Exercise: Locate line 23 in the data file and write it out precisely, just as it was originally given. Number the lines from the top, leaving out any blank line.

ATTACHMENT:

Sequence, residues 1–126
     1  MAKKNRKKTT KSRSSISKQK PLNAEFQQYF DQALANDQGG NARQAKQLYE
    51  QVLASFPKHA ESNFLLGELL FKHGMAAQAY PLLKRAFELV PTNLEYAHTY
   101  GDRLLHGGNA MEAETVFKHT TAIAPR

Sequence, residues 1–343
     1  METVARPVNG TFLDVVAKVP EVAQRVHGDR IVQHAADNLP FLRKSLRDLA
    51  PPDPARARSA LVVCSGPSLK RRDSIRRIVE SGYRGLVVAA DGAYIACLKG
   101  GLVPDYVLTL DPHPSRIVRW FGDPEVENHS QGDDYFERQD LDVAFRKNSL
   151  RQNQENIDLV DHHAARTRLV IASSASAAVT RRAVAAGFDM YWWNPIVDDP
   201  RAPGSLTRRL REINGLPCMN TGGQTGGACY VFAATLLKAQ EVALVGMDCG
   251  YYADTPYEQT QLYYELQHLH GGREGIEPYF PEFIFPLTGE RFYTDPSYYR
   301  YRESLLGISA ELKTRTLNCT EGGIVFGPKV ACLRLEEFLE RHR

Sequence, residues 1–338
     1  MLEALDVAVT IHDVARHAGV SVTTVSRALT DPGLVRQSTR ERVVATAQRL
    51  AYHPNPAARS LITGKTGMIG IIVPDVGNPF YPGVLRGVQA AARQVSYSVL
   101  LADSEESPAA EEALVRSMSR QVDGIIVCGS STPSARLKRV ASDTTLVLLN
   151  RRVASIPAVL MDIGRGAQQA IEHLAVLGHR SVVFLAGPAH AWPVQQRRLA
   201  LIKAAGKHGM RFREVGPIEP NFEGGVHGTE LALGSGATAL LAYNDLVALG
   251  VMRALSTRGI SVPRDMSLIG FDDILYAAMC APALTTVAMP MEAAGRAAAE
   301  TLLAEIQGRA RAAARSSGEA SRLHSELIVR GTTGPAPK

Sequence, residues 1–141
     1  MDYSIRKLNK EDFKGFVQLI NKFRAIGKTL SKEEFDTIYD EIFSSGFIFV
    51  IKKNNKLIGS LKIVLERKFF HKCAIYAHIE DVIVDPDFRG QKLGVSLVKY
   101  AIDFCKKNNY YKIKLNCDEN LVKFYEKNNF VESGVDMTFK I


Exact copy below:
    51  IKKNNKLIGS LKIVLERKFF HKCAIYAHIE DVIVDPDFRG QKLGVSLVKY